Of great concern to nurses at SANCA Wedge Gardens substance use treatment centre in Johannesburg is the use of a combination of crystal methamphetamine (meth) and dagga.
According to SANCA Wedge Gardens’ deputy complex manager Estelle Raath, meth is a powerful stimulant that acts on the central nervous system.
“Most patients intentionally use meth and dagga at the same time, to take the edge off the meth high, which causes a temporary feeling well-being, increased alertness, energy and anxiety.
“The combination of meth and dagga that we see at our detox facility is all too common. Combined, it can cause significant brain damage,” says Raath.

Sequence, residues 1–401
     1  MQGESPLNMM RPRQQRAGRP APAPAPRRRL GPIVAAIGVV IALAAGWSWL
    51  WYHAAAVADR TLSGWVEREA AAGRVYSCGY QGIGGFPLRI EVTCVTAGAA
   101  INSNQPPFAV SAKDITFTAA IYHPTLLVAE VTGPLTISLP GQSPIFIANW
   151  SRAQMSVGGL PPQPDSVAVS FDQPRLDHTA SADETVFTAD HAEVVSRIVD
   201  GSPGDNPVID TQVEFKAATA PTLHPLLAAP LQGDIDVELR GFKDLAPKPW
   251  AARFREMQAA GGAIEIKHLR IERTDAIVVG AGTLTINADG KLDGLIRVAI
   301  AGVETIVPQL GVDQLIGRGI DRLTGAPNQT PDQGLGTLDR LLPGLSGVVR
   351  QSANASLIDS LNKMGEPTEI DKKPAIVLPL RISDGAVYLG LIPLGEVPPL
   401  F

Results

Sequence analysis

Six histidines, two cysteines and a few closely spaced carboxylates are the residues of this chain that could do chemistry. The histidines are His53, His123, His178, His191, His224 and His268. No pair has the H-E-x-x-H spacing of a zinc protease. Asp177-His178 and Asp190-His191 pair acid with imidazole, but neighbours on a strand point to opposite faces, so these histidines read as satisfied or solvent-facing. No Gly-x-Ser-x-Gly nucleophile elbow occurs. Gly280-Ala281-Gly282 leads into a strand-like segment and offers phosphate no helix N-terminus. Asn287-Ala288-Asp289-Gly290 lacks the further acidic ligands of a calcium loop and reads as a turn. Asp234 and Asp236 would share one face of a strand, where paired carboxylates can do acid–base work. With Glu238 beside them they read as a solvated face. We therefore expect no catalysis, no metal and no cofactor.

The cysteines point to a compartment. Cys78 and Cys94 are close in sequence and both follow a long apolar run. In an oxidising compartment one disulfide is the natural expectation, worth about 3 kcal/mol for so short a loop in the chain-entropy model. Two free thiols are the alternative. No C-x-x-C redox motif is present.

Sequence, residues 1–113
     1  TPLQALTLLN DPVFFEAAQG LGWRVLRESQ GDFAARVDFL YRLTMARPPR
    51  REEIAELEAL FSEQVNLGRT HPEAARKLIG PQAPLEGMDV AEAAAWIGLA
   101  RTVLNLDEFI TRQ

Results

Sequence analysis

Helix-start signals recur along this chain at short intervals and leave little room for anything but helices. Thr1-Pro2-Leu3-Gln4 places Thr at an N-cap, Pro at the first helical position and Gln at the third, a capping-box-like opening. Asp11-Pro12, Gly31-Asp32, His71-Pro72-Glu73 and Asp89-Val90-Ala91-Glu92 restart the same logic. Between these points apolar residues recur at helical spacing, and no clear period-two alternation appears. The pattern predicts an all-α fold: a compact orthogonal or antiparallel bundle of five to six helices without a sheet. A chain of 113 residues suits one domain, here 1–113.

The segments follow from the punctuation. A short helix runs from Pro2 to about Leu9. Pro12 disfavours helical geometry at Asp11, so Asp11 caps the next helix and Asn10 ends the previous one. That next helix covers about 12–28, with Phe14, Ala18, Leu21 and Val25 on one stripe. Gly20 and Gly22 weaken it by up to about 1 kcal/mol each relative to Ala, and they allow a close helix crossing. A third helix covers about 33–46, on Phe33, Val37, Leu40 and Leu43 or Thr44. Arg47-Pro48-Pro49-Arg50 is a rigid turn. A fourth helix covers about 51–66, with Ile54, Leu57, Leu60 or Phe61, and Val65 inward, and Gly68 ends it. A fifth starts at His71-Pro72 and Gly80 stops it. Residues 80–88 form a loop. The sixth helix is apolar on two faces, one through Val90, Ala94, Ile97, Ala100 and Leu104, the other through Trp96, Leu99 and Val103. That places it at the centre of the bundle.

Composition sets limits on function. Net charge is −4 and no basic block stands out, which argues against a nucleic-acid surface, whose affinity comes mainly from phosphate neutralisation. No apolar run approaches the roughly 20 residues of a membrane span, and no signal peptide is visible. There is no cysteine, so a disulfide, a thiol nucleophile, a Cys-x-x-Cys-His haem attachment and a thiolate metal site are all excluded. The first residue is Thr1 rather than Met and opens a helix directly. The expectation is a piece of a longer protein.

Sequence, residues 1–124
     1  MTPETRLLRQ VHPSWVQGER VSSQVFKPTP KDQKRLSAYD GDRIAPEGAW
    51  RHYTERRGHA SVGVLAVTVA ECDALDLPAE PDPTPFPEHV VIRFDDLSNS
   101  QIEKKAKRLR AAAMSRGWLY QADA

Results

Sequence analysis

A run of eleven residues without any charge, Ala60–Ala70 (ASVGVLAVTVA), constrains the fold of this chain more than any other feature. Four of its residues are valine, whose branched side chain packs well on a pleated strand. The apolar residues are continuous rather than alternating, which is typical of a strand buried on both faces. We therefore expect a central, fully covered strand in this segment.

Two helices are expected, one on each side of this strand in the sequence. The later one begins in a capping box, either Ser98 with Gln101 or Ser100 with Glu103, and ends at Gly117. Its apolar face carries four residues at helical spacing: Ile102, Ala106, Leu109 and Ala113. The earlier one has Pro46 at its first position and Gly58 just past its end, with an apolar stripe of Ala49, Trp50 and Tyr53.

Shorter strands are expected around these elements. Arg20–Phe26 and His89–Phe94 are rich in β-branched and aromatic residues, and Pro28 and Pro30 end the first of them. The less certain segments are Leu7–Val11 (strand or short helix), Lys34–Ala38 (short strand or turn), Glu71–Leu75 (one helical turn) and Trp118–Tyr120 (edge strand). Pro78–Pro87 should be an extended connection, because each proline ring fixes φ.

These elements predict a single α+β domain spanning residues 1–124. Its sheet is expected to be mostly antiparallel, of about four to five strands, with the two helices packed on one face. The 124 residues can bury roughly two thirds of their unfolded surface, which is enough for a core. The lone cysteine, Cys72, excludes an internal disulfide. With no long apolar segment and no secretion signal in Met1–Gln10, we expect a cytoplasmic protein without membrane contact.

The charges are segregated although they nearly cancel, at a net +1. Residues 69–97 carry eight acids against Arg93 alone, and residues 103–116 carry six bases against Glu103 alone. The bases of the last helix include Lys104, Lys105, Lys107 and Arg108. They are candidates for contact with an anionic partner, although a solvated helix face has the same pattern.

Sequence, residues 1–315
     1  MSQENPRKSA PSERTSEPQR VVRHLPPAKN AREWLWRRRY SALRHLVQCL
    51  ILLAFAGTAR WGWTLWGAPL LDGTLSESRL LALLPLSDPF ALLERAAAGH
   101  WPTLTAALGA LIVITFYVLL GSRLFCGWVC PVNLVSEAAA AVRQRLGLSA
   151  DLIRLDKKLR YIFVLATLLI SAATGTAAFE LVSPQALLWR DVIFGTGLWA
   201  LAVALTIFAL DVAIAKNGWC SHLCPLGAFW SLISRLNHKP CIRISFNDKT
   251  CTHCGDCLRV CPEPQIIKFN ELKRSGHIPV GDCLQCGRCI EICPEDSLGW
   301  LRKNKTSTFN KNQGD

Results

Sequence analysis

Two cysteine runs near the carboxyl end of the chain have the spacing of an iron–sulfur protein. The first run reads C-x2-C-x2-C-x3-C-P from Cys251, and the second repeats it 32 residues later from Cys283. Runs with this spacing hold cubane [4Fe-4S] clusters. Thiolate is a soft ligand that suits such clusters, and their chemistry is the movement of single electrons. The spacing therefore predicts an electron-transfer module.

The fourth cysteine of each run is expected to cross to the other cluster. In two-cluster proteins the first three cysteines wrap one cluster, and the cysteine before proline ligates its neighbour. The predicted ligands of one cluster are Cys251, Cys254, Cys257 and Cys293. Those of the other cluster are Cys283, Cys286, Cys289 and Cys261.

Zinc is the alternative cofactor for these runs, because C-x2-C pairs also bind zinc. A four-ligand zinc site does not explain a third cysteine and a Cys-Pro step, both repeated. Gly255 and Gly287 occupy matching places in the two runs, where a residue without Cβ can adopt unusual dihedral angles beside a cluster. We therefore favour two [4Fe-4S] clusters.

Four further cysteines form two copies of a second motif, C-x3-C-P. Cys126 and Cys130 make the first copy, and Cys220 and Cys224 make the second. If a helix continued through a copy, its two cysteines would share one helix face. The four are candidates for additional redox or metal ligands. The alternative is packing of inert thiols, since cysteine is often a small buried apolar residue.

She explains that combining meth with dagga enhances its harmful effect and the damage can be severe.
“Using the two together increases a person’s risk of mental health problems, including psychotic symptoms, especially in those patients with existing mental health problems,” says Raath.
“Meth destroys part of the brain and its long-term effects have shown a decline in thinking and motor skills and a severe change in the structure and functioning of parts of the brain,” she adds.
Mood disturbances, confusion and insomnia are some of the common symptoms of chronic meth use. Most patients develop symptoms of psychosis, memory loss and delusions that can continue for months or years after they’ve stopped using meth.
For more information about SANCA Wedge Gardens’ Full Circle Recovery Programme, visit www.wedgegardens.co.za